Coming as it does after the song-cycle, the second book of Préludes can't help but feel a bit anticlimactic, though one does quickly re-acclimatize oneself to Debussy's world after Schoenberg's comparatively destabilizing work. As with the first book, the second sees the composer ranging widely across richly contrasting terrain, from the wistful and elegant (Bruyères) to the spirited and playful (Général Lavine - eccentric). In the book's most curious twist, a little bit of “God Save the Queen” makes its ways into Hommage à S. Pickwick Esq. P.P.M.P.C., its title a reference to the protagonist of Dickens' The Pickwick Papers.
As mentioned, there are any number of recordings of Debussy's Préludes available from which to choose. What most recommends "Hanging Gardens", then, isn't necessarily Greenberg's handling of the Debussy material, credible though it might be, but the coupling of it with that of the Second Viennese School and the Schoenberg song cycle in particular. Above all else, it's this inspired idea that helps mark it as a truly special release.
-Ron Schepper, 10.18, textura
FIVE QUESTIONS WITH JACOB GREENBERG
Pianist Jacob Greenberg is a longtime member of the International Contemporary Ensemble (ICE) (and the director of its in-house Tundra imprint) but also a solo artist of considerable renown. Albums by the Oberlin College and Northwestern University graduate have appeared on Nonesuch, Sony, Naxos, Tzadik, New Focus Recordings, and New Amsterdam, among others, featuring works by contemporary composers such as Elliott Carter and György Kurtág as well as Schumann, Mozart, and Beethoven. A major addition to the Brooklyn-based artist's discography is his recent two-disc set Hanging Gardens, which features the pianist performing pieces by Debussy, Berg, Webern, and Schoenberg, the latter represented by the remarkable song-cycle Das Buch der Hängenden Gärten (The Book of the Hanging Gardens); Greenberg's joined on the piece by soprano Tony Arnold, who also partnered with him on a 2013 recording of Olivier Messiaen's Harawi. textura spoke recently with the pianist about Hanging Gardens and why the pairing of Debussy and the Second Viennese composers turned out to be so complementary.
1. In the liner notes you wrote for Hanging Gardens, you state that despite the differences between Debussy and the Second Viennese composers (Schoenberg, Webern, and Berg) in musical philosophy and approach, they're aligned by, in your words, “a common embrace of sensuality in music.” It wouldn't take much to convince most listeners of that quality in Debussy's music, but it probably wouldn't be the first word those same listeners would use to describe Schoenberg's. Could you elaborate on how the music these composers wrote is, in your estimation, sensual?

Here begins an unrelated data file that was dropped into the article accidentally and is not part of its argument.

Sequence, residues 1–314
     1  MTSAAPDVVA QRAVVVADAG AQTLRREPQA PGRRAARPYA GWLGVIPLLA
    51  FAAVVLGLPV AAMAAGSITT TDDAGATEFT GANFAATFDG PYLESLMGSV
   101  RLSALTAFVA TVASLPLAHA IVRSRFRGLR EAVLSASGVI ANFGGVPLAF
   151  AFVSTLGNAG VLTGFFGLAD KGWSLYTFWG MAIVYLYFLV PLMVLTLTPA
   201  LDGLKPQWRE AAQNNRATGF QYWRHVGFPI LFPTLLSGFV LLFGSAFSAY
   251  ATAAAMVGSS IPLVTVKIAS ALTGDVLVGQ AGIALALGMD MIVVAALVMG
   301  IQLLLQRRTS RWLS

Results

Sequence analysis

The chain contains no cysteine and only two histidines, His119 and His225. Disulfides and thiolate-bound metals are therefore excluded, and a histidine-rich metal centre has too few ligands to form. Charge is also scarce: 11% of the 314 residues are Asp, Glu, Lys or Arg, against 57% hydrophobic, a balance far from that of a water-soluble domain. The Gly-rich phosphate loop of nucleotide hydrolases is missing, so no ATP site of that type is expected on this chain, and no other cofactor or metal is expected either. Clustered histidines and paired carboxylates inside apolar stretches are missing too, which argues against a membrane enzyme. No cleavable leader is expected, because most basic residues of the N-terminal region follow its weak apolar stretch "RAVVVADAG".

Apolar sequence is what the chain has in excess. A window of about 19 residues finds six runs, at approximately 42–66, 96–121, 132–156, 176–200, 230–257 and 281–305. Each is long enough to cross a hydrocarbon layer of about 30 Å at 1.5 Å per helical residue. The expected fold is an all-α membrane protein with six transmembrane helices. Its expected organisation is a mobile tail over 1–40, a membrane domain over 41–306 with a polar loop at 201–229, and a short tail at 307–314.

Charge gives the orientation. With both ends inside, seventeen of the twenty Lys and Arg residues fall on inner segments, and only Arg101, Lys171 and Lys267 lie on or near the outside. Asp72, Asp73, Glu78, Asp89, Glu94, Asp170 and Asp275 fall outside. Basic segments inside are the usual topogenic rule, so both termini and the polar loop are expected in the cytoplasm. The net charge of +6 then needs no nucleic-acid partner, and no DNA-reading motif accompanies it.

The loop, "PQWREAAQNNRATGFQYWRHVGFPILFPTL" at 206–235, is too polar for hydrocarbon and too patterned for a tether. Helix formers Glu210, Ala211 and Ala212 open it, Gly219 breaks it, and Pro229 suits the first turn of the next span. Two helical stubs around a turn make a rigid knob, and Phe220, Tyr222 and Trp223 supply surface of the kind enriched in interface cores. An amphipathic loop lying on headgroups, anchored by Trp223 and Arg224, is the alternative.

The clues are everywhere. To start, a listener needs to connect the Second Viennese with their most immediate musical ancestors, Brahms and Mahler. Arnold Schoenberg was committed to continuing the legacy of Austro-German music, and he wrote hyper-expressive pieces in increasingly concentrated forms. It's a Romantic sensibility, with more changeability and eccentricity, and, notably, an intense sensitivity to musical texture; this is where the influence of art and literature comes in. Schoenberg's correspondence with Kandinsky makes clear the painterly link between his work and Expressionist art, and Schoenberg's openness to Symbolist poetry in Pierrot Lunaire shows him to be under the same literary influence as Debussy. In the Society for Private Musical Performances, Schoenberg's concert series in Vienna, Debussy and Ravel were programmed constantly.
So while it's entirely possible to play the music of Schoenberg and his students in a dry manner—which, to generalize, was the early performance practice of the Second Viennese School—one can't ignore the advances of performers like Boulez, who not only humanized these composers, but revealed their amazing orchestral imagination and the depth of their harmonic palette. I think that few pianists have approached Second Viennese piano music—which can sound the driest of all, if one tries—with an ear to sound colour and an awareness of counterpoint that, to me, is like layered strokes of paint on canvas. Those are some of the most striking aspects of the music, and they're the things that can really entrance a listener.
To mention the pieces I play on this album: Alban Berg's Sonata is defined by its passion and decadence. It has a wide-ranging keyboard style that's full of surging melodies, sumptuous rolled chords, and surprising whole-tone harmonies. Anton Webern's Variations, by contrast, creates a spare yet truly three-dimensional piano texture. Notes and chords are like points of coloured light, some delicate, some blazing. I'll say more about Schoenberg's The Book of the Hanging Gardens later.